The Demons That Haunt Russia

Professor Warns of Nationalism and an Inferiority Complex

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ROME, JUNE 26, 2001 ( Professor Sergej Sergeevic Averincev teaches philology and comparative literature, and is the author of fundamental texts on the cultural universe of Byzantium and the meeting between Greek culture and the Jewish world.

More importantly, he is among those who have inspired the spiritual awakening of the countries of the former Soviet Union.

Along with Alexander Solzhenitsyn and others, he is one of the critics of Russian Christianity. In the following interview which appeared in the June issue of the Italian magazine Jesus, Averincev analyzes the legacy of Orthodoxy and the difficulties in understanding between «the two lungs» of Christian spirituality.

–Q: What do you think are the prejudices and errors that we, Westerners, must combat in order to better understand the Russian soul?

–Averincev: I do not believe there is a uniform West. Italy is Italy, and I am sure that, for the Italian soul, to understand the Russian soul is much easier than for another, let us say, more «arid» soul. As regards prejudice in general, I would say that all simplification, all intellectual laziness must be excluded given the complexity of the reality, both in the «Russophobic» as well as the «Russophile» vein.

–Q: What are the temptations or «demons» that tempt Russia today?

–Averincev: All my public activity in Russia is an effort to exorcise such demons. I think a great problem — and not just for Russia — is overcoming every tendency to nationalism and dangerous and unfruitful isolationism, obviously without betraying our national identity.

The demon that today, in this era of Americanism, might have greater possibilities of success among youth of countries that pride themselves of an ancient history, such as Russia — but also Europe — is called «inferiority complex.»

The destructive action of this demon is obvious in two contrasting models: the madness of ultranationalism and the frenetic desire to level all cultures.

–Q: You say that the European cultural universe was born from the dialogue between Athens and Jerusalem. But, what is Byzantium´s role, namely Orthodoxy´s, in the formation of a new European consciousness?

–Averincev: The experience of Western Christianity should teach us, the Orthodox, to understand St. Paul´s teaching: «Brothers, stop being childish in your thinking. In respect to evil be like infants, but in your thinking be mature» (1 Corinthians 14:20). Our task is to remember what the Book of Proverbs says: «Fear of the Lord is the beginning of wisdom» (Proverbs 2:7). This «fear» is very different from servile fear, as, instead, it is intimately related to the mystery.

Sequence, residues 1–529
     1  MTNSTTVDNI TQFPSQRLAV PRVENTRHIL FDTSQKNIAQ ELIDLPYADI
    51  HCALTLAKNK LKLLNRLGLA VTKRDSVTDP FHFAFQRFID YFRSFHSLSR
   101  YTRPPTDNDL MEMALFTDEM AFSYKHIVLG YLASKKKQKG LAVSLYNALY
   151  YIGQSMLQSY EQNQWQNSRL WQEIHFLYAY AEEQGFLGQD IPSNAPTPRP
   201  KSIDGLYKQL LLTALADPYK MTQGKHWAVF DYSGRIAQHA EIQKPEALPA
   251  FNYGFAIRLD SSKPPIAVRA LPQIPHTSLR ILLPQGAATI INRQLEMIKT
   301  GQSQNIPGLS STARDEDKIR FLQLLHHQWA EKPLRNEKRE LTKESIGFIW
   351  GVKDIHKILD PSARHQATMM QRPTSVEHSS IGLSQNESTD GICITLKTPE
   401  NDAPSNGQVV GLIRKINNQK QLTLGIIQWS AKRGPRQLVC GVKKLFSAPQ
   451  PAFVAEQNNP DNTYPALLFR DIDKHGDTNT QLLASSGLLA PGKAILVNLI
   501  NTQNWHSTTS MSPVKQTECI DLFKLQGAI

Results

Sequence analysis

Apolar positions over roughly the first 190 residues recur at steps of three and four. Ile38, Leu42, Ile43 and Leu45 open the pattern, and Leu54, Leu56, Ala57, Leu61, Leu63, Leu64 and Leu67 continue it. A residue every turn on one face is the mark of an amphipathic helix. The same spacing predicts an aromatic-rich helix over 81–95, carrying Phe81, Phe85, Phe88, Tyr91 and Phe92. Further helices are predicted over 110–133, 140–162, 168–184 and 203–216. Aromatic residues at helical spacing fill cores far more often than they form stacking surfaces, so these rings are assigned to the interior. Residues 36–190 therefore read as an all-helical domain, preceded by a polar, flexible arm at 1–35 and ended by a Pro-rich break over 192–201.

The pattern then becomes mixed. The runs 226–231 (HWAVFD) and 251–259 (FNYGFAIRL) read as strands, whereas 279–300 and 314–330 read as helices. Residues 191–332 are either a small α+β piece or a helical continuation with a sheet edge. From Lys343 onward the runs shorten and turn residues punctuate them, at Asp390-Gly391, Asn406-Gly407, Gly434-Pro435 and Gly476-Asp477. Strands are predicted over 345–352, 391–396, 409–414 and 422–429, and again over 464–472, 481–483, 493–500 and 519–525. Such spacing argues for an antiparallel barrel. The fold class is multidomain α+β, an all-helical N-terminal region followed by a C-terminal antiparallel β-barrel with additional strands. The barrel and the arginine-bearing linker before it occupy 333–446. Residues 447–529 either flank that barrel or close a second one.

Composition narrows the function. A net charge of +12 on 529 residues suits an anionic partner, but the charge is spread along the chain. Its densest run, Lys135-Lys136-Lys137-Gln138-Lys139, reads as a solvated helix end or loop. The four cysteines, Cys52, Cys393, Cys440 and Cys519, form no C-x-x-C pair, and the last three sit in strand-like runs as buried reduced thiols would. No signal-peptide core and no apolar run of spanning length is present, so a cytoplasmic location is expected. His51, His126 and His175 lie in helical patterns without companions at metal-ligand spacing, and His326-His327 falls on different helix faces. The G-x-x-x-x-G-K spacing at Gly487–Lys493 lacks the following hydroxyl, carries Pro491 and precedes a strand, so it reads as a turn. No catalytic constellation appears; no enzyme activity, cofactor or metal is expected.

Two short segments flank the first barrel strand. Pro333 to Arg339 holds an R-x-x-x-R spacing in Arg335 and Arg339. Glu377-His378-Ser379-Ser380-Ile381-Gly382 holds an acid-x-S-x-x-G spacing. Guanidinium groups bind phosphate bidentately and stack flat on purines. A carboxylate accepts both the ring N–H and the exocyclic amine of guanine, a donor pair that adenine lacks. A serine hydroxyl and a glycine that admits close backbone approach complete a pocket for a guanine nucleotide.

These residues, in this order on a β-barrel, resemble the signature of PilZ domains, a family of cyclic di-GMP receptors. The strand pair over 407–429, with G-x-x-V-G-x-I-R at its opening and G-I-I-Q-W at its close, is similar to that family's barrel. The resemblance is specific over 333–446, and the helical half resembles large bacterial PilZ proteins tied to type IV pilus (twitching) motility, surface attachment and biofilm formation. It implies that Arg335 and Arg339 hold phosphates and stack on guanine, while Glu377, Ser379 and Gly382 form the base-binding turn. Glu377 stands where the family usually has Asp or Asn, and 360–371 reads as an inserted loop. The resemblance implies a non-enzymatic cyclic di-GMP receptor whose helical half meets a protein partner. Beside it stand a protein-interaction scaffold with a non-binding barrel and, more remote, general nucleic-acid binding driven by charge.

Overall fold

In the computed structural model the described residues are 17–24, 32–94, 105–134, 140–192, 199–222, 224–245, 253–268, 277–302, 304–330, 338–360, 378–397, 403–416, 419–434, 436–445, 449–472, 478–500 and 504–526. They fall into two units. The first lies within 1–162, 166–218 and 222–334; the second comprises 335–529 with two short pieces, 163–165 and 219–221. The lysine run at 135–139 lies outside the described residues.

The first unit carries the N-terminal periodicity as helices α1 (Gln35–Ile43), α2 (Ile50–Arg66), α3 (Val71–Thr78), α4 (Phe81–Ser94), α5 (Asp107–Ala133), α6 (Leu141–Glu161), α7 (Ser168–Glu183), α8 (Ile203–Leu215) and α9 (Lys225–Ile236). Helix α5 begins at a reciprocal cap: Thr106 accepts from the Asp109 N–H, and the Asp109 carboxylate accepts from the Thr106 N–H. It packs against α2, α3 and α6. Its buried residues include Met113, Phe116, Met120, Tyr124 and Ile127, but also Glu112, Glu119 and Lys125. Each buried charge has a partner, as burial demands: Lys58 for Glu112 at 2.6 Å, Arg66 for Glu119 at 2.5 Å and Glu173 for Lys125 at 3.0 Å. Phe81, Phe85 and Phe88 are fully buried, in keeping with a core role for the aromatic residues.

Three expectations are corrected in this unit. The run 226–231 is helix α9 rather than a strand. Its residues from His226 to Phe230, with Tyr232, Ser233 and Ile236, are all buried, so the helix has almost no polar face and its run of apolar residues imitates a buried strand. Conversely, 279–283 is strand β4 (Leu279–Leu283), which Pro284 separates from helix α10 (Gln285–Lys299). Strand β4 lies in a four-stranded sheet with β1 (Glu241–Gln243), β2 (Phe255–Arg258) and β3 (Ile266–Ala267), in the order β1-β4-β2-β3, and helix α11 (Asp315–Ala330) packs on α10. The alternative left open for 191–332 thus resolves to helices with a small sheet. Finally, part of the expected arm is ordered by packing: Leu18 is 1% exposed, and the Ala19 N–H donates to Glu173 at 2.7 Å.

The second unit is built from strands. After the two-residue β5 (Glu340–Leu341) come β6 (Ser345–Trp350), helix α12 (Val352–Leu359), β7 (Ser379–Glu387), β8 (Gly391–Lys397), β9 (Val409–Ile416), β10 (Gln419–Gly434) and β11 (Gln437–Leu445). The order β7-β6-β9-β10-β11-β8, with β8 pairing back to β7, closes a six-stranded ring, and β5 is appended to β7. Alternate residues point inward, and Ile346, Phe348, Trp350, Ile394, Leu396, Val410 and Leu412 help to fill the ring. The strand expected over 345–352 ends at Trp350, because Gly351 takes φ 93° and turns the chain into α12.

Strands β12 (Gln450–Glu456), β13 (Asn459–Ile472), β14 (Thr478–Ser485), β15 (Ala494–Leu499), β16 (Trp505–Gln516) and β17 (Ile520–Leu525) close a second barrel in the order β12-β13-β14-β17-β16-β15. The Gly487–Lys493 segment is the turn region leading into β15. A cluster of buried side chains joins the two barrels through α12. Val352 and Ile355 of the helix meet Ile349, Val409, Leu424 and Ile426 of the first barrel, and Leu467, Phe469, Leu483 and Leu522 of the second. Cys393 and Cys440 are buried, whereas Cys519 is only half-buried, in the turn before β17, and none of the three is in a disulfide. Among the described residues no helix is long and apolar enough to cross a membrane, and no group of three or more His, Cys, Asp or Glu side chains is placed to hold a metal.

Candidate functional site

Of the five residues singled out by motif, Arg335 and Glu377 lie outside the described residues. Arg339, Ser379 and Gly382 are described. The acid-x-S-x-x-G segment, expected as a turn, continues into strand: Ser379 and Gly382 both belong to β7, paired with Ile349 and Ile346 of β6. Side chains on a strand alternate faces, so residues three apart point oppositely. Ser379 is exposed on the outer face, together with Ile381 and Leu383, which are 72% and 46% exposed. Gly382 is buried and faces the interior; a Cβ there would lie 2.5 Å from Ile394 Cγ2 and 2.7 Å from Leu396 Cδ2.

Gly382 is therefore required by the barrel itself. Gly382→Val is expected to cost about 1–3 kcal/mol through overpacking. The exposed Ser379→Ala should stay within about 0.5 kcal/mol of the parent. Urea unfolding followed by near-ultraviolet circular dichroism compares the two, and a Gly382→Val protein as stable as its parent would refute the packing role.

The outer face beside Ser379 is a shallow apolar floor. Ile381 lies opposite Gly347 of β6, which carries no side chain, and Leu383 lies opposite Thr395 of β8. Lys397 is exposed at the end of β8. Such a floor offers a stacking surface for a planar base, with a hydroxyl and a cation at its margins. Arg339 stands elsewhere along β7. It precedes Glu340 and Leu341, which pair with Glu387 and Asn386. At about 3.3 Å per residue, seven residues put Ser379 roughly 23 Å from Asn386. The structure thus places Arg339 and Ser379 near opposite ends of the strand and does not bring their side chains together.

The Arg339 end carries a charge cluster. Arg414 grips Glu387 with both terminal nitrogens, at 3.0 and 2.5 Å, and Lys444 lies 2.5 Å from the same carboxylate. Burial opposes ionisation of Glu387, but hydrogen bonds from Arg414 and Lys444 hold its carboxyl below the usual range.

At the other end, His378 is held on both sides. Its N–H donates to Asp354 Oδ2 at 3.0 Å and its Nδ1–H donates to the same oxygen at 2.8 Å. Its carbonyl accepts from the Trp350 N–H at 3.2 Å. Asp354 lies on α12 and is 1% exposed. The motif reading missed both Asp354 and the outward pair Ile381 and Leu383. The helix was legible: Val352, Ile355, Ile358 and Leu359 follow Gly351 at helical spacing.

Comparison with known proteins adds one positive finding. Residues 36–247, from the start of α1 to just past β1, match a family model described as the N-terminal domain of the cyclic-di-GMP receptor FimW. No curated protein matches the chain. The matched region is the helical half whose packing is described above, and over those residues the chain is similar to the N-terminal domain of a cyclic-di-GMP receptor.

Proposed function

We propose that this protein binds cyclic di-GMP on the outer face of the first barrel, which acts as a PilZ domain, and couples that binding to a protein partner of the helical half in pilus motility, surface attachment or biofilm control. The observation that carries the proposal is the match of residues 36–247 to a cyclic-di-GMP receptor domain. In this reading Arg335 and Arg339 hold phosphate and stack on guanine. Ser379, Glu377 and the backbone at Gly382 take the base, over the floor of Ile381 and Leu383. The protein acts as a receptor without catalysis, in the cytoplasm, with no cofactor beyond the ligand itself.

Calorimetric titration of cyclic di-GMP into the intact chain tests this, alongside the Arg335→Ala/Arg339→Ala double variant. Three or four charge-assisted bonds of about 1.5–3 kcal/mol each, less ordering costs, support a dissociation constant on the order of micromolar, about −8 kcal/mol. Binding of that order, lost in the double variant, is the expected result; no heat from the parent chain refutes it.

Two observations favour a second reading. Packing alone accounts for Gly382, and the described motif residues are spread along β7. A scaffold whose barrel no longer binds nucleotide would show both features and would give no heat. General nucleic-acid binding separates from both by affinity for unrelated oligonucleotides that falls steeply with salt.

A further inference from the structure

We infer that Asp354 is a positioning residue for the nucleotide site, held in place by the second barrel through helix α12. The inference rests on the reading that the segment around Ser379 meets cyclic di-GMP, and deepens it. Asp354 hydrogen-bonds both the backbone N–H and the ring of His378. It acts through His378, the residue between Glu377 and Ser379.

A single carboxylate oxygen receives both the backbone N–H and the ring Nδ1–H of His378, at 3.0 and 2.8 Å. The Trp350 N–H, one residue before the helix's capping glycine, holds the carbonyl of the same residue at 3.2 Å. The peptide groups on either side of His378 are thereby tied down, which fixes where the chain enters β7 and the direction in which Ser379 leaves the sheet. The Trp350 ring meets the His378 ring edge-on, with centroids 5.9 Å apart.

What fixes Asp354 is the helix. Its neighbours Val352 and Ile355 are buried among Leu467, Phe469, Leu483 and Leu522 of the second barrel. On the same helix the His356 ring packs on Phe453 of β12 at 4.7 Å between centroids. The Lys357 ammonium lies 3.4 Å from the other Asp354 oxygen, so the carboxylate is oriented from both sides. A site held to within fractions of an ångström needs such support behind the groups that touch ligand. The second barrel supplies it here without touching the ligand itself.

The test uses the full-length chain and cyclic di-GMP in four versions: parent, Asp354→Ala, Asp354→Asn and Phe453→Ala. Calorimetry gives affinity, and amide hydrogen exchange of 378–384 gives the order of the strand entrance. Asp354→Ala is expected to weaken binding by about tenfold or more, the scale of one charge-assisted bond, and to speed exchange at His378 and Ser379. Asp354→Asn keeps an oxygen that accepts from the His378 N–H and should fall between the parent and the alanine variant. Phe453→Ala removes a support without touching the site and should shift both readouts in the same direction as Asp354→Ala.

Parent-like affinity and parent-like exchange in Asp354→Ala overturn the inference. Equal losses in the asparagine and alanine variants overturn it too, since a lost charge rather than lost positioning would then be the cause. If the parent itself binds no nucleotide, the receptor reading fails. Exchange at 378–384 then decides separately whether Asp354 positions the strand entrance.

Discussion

Not for nothing is what the Latin tradition calls «sacrament,» called «mystery» in the Byzantine Orthodox tongue. The word «sacrament» is full of nobility, with its direct reference to the Roman use of oath of military fealty (sacramentum). However, the concept of «mystery» has its own depth. It is indispensable that, in the new consciousness of European Christianity, these concepts be seen as complementary.

The «mystery,» without the sacramental meaning of «oath of military fealty,» can remain [ineffective]; the «sacrament,» emptied of the meaning of «mystery» is too arid and moralist.

–Q: What aspects of Byzantium´s heritage — tradition of the Philokalia, liturgy, teachings of the Fathers, monasticism — do you consider indispensable for the affirmation of this consciousness?

–Averincev: The aspects you have enumerated are essentially inseparable. However, I think that, when we speak of Byzantine heritage, thanks to its visibility, liturgical culture has certain advantages. I am impressed with the way this culture is, in some cases, accepted and received in the West.

In Paris, for example, in the old church of St. Gervais, the Fraternity of Jerusalem celebrates Mass and the Liturgy of the Hours according to the Latin rite, but with the insertion of some elements of the Byzantine rite and, what is most important, with a great capacity to receive the general atmosphere of the Byzantine «mystery» and a special taste for «Hesychia,» namely, for contemplation and interior peace.

In this connection, the cases of the Benedictine Abbeys of Chevetogne in Belgium could be referred to, where the monks celebrate according to the two rites (Latin and Byzantine), and the experience of the ecumenical Community of Taizé.

–Q: How do you evaluate the present stage of the dialogue (some speak of «ice») between Catholicism and Orthodoxy?

–Averincev: Yes, the present situation is very sad, all the winds of the world blow against the ship of reconciliation. However, if we have faith in the fact that the Lord is with us, in our fragile boat of Galilee, we cannot lose hope.

Look, if unity is not a simple wish, but a question of life and death, then each one of us must make an effort, through prayer and action, to reach this objective. We must all be one «so that the world will believe.»

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